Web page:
Robert Graves (1895-1985), poet, novelist and memoirist, son of the Irish Literary Revival writer Alfred Perceval Graves, visited Ireland three times – in 1918, when he was stationed in Limerick following service on the Western Front, in 1928, to seek out Irish poet Geoffrey Phibbs in Sligo, and in 1975, when he was elected to the Royal Irish Academy. Author of The White Goddess (1948), a text which has been described as ‘the last product of the Irish Literary Revival’, and a poet whose work, as he claimed himself in 1959, ‘remains true to the Anglo-Irish tradition into which I was born’, Robert Graves’s profound influence on the generation of Irish poets who began writing in the 1950s and 1960s is matched by his own indebtedness to Irish literature and Celtic scholarship earlier in the 20th century.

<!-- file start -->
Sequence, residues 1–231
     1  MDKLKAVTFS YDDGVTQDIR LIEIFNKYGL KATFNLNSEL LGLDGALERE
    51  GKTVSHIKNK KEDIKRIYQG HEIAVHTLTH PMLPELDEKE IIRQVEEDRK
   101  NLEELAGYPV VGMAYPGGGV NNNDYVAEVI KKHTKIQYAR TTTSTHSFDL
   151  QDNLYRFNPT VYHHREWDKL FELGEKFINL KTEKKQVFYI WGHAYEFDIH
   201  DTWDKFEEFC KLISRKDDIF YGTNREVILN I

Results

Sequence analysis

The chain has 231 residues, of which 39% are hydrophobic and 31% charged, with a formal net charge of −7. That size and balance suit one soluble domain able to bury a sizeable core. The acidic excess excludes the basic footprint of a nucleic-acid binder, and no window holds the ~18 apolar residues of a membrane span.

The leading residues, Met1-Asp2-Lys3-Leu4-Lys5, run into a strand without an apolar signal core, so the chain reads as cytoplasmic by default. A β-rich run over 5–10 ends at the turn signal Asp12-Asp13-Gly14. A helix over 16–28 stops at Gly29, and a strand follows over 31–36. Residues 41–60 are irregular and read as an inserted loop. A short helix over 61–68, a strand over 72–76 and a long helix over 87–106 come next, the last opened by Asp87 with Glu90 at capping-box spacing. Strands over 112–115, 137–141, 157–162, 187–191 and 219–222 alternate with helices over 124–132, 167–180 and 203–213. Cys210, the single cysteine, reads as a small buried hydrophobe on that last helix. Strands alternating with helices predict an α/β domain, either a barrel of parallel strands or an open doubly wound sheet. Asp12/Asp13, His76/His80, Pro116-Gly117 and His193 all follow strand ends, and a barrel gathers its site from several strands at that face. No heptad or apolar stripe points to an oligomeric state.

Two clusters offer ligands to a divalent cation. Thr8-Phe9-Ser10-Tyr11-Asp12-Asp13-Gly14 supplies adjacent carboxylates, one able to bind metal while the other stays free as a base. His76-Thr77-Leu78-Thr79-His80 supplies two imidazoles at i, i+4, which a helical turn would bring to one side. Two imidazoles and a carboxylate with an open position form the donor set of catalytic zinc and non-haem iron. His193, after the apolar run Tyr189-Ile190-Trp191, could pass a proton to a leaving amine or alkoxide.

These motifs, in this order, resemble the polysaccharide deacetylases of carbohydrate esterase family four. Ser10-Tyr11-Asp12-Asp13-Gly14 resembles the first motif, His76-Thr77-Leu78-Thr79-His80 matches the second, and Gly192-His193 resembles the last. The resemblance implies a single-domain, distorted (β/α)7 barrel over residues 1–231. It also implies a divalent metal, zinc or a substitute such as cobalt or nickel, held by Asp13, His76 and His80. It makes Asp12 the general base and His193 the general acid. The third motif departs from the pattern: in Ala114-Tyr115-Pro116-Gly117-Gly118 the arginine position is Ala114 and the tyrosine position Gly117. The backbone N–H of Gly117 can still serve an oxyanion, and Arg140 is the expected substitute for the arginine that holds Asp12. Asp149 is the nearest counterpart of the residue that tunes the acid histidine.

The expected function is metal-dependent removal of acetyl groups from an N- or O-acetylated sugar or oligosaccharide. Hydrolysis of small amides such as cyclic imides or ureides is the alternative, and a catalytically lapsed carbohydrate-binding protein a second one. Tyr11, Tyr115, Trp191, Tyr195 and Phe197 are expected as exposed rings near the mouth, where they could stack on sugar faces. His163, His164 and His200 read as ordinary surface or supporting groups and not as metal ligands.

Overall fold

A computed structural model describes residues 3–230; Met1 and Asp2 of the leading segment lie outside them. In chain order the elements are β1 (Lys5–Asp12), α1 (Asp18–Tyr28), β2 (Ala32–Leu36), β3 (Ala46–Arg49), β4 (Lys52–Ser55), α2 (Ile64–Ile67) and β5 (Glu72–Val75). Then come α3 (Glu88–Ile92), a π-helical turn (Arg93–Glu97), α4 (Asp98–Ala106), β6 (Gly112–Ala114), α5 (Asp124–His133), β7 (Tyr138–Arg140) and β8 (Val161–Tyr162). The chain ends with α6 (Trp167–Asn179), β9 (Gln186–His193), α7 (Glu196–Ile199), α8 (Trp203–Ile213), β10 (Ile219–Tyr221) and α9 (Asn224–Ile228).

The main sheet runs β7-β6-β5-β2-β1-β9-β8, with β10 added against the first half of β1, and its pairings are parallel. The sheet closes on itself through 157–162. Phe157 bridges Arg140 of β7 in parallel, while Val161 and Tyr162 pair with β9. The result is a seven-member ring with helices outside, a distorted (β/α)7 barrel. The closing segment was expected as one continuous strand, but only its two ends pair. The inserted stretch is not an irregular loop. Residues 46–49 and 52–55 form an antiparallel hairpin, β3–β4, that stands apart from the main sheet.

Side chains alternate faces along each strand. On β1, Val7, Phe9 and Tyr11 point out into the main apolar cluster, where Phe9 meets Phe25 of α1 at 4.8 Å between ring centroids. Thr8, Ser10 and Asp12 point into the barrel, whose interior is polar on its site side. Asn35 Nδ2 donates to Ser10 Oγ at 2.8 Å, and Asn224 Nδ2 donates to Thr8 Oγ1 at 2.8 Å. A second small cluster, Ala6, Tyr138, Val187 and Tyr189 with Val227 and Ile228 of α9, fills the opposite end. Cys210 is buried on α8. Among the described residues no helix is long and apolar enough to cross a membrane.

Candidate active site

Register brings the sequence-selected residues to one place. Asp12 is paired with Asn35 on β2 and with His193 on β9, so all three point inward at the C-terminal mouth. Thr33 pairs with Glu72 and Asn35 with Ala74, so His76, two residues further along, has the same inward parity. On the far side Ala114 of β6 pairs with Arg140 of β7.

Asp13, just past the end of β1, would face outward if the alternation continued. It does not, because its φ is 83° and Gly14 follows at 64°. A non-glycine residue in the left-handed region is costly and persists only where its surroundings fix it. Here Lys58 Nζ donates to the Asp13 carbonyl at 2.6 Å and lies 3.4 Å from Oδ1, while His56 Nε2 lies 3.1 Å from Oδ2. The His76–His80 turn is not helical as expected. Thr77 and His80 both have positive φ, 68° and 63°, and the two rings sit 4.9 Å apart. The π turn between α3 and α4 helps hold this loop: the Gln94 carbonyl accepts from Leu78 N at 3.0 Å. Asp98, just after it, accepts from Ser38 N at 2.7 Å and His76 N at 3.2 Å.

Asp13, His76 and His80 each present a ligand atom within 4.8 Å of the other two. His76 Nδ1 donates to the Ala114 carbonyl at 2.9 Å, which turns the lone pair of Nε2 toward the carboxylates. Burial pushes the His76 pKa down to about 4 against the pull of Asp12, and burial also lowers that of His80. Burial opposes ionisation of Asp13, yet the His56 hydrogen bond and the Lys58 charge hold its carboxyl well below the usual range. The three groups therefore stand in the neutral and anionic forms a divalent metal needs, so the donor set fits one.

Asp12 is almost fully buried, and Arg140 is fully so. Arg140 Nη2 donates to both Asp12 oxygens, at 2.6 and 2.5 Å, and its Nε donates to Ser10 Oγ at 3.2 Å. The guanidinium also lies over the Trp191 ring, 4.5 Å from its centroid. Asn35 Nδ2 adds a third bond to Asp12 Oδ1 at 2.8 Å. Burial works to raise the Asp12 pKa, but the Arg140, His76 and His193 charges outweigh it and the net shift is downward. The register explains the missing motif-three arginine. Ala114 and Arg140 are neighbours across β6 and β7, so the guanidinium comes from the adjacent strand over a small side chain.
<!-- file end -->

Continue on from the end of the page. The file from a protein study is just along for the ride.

Papers are invited on all aspects of Robert Graves’s relations to Ireland and Irish letters. Abstracts (no more than 250 words) should be sent by 31 May 2011 to Dr Fran Brearton (email@example.com), School of English, Queen’s University Belfast, BT7 1NN, Northern Ireland.
Download Application form and Accommodation List at links below.
Thursday 24 November at 8pm in Crescent Arts Centre.